Bonnie and Clyde: Beginning of a New Hollywood Era Essay

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BONNIE AND CLYDE : “Beginning of the New Hollywood Era.”

Bonnie and Clyde is a 1967 American crime film about Bonnie Parker and Clyde Barrow, the criminal version of Romeo and Juliet, the true story of the most beloved yet infamous outlaws, robbers and convicts who journeyed the Central United States during the Great Depression. The film was directed by Arthur Penn, and stars Faye Dunaway as Bonnie Parker, and Warren Beatty as Clyde Barrow.

Bonnie and Clyde is reckoned as one of the 60s' most talked-about, volatile, controversial crime/gangster films combining comedy, terror, love, and ferocious violence, and regarded as one of the first films of the New Hollywood era, in which it broke many taboos and was so popular amongst the
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The deep focus of the opening scene allows us to see her room humbly decorated with a small, vulgar collection of porcelain figurines and a rag doll, and a few family photographs are tacked on the drab wall. These details allow us to see Bonnie as an ordinary person. Likewise, Clyde is portrayed as a clean cut gentleman with white fedora hat, white shirt, and tie and jacket, and a bright white smile. His jacket, a warm brown earthy brown, softens any inclinations we may have of him as a criminal after Bonnie catches him about to steal her mother’s car.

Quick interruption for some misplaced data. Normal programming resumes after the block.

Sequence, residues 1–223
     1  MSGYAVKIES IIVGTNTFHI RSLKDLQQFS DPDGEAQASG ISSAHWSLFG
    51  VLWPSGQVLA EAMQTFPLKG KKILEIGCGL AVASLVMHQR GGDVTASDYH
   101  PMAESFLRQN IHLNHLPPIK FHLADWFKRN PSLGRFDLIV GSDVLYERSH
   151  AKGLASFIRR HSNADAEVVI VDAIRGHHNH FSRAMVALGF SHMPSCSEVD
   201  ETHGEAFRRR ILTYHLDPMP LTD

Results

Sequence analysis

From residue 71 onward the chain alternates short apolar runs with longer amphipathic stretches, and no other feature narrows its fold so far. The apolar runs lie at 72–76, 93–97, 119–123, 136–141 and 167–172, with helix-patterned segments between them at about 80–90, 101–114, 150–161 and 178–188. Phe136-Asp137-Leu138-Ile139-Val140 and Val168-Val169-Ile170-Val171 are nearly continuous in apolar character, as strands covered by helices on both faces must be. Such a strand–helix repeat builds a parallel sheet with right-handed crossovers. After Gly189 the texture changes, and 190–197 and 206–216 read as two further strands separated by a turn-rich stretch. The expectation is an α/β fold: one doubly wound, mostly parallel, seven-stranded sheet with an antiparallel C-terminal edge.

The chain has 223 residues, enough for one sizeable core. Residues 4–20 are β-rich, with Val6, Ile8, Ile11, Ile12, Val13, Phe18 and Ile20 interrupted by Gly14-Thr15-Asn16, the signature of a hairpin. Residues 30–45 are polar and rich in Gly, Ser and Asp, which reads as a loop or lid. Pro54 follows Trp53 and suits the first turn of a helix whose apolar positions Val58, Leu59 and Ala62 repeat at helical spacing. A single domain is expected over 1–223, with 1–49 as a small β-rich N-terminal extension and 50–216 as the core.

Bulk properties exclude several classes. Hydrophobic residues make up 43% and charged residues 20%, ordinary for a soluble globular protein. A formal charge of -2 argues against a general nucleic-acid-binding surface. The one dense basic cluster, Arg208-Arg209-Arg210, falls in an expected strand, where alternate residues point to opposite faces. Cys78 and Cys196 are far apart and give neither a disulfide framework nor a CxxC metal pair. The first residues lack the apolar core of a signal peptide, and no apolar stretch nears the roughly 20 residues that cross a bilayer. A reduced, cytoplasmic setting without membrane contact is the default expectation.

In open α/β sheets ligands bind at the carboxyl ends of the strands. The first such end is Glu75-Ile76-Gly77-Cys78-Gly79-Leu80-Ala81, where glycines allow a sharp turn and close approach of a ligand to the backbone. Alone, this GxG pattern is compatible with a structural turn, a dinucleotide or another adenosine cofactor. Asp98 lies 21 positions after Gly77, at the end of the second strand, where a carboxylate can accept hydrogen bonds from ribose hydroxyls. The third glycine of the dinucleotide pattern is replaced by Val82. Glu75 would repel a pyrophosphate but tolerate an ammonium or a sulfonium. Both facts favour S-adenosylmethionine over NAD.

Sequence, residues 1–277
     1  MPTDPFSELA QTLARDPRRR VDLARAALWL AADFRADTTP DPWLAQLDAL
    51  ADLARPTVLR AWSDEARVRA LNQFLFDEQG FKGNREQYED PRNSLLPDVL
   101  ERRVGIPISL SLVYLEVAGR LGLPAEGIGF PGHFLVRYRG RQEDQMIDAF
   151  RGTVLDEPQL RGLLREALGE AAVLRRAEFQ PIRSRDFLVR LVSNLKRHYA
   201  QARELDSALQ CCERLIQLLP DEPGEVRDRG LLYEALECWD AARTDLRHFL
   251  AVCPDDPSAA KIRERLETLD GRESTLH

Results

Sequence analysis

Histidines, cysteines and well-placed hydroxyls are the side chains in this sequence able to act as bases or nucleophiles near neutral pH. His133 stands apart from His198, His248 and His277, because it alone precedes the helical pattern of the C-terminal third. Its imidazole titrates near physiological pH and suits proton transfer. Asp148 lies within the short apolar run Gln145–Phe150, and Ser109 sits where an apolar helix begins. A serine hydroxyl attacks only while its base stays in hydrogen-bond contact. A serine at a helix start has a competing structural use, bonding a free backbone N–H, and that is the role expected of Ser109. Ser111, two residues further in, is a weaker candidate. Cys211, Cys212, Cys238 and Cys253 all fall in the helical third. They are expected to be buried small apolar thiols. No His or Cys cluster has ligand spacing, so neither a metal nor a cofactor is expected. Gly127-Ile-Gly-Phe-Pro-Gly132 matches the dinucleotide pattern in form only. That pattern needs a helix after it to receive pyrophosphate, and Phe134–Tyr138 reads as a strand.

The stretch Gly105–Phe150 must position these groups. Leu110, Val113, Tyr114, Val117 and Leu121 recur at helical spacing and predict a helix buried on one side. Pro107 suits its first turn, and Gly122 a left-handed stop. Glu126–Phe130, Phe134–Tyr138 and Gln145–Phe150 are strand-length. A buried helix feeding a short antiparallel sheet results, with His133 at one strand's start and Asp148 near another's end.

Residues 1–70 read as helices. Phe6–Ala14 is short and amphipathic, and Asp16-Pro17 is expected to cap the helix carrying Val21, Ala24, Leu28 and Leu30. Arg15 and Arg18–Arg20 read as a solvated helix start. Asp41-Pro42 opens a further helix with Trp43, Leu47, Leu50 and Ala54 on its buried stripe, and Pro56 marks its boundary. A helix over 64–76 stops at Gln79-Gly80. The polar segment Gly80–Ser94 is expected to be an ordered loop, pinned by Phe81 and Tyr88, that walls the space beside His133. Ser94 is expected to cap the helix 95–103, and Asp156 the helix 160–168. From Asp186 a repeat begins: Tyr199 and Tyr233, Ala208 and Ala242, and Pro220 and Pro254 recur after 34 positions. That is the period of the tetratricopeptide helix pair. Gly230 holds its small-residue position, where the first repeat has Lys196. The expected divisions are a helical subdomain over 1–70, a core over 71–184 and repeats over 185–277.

The mise-en-scene on the long tracking shot down an empty Main Street (except for one elderly Negro sitting on a bench in front of the barber shop) in the small, rural, Southwest Texas town allows us to connect the hard times and limited opportunities (boarded up stores) that surround Bonnie and Clyde and then a close-up of Clyde’s face. Clyde’s mouth is dominated by objects, like the Coke bottle and the match, which demonstrate his confidence. Perhaps, a close-up shot is used instead of the standard wide shot is to emphasize this aspect of Clyde’s personality. When Bonnie rubs the tip of the bottle of coke across her